Retail health clinics that are popping up in drugstores and other outlets shouldn't be used for children's primary-care needs, the American Academy of Pediatrics said, arguing that such facilities don't provide the continuity of care that pediatricians do.
While retail clinics may be more convenient and less costly, the AAP said they are detrimental to the concept of a "medical home," where patients have a personal physician who knows them well and coordinates all their care.
"We want to do all we can to support the concept of 'medical home' for kids," said James Laughlin, lead author of the statement, published in the journal Pediatrics Monday.
Set in drugstores, supermarkets and big-box stores, retail health clinics are playing a bigger role in the delivery of health care. Some have expanded beyond treating sore throats and giving flu shots to offer sports and school physicals and treat chronic diseases, setting up more direct competition with doctors.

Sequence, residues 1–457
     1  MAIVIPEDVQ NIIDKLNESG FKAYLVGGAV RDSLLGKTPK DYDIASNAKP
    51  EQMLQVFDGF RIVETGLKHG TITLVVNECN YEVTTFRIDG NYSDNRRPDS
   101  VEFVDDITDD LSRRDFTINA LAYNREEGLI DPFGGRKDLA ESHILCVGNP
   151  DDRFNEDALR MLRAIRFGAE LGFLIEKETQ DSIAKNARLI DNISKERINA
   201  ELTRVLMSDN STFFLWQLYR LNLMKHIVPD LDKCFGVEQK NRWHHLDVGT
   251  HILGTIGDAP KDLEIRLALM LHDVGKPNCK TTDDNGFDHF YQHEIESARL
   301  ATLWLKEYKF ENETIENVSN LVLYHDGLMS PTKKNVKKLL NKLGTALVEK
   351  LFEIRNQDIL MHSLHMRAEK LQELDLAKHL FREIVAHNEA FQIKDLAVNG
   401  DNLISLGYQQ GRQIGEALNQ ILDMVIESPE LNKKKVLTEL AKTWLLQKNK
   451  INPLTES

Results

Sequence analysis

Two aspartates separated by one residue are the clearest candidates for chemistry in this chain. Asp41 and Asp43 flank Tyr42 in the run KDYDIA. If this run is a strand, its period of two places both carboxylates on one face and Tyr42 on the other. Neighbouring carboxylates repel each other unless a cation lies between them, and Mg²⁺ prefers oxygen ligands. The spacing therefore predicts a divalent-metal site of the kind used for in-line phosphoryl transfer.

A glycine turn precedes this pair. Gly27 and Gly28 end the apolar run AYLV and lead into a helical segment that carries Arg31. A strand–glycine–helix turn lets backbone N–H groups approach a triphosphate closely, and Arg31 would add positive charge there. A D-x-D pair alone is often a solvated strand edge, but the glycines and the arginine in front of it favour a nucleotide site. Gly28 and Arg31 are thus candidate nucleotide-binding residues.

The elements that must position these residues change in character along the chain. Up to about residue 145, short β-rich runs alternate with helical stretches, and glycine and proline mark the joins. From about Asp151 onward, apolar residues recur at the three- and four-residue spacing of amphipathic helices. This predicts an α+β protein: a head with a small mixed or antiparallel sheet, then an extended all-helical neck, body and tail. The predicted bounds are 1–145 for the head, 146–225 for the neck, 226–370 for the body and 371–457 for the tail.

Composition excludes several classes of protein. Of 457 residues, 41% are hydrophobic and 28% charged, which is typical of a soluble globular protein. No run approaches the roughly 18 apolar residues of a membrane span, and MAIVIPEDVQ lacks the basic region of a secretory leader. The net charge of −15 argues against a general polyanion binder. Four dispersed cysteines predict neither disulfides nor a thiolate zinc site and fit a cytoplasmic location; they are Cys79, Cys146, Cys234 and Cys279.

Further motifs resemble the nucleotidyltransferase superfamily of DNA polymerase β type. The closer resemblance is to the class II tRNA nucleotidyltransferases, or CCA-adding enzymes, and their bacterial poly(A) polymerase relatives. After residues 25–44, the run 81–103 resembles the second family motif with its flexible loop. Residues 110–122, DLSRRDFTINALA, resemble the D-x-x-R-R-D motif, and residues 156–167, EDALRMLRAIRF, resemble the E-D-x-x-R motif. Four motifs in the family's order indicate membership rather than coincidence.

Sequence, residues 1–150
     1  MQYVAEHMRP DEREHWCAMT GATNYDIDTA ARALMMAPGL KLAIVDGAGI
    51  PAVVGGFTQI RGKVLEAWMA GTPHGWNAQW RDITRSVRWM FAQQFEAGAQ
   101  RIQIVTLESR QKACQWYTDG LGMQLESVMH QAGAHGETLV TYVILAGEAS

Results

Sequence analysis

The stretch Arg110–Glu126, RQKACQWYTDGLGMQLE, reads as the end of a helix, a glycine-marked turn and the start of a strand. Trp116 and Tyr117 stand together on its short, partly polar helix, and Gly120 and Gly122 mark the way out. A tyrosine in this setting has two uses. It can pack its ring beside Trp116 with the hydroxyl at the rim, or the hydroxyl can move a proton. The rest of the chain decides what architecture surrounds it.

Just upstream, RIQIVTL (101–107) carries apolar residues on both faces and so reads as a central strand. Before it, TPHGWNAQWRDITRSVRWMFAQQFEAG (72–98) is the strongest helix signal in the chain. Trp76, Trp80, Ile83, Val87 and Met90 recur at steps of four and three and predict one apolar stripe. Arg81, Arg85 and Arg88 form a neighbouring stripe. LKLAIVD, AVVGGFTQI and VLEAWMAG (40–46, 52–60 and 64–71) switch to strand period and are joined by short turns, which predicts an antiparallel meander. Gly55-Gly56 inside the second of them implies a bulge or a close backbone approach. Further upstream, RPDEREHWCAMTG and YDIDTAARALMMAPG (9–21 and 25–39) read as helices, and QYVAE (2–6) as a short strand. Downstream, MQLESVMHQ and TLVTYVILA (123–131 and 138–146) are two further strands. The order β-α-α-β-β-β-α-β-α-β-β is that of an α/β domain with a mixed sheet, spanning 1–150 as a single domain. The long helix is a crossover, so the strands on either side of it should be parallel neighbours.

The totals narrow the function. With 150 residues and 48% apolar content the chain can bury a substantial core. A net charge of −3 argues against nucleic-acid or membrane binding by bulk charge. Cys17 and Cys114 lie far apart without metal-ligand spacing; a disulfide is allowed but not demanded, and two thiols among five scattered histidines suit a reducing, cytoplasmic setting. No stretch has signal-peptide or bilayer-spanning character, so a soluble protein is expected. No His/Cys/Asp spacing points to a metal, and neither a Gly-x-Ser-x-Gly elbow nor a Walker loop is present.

Retail clinics also are generally open seven days a week, don't require an appointment, accept more types of insurance than doctors do and charge 30 percent to 40 percent less for similar services, studies show. Costs vary widely by region and service offered, but getting a common ailment treated at a retail clinic, without insurance, typically runs between $50 and $75.
After plateauing in recent years, the numbers of these outlets are once again expanding, as retailers bet that the Affordable Care Act will bring longer waits at doctors' offices and drive more patients their way.
CVS Caremark Corp, the largest player, wants to double its MinuteClinic locations in CVS stores to 1,500 by 2017. Walgreen Co. plans to add 100 more clinics this year, bringing its total to 500. Consulting firm Accenture estimates the total number could grow to 2,800 by next year from about 1,400 in 2012.
The Convenient Care Association, the national trade group, said retail clinics are responding to consumer demand. "They are a more convenient option for parents with sick children than the alternative, which is often waiting for an appointment or spending hours in a high-cost emergency room for a minor pediatric complaint," Tine Hansen-Turton, the group's executive director, said in a statement.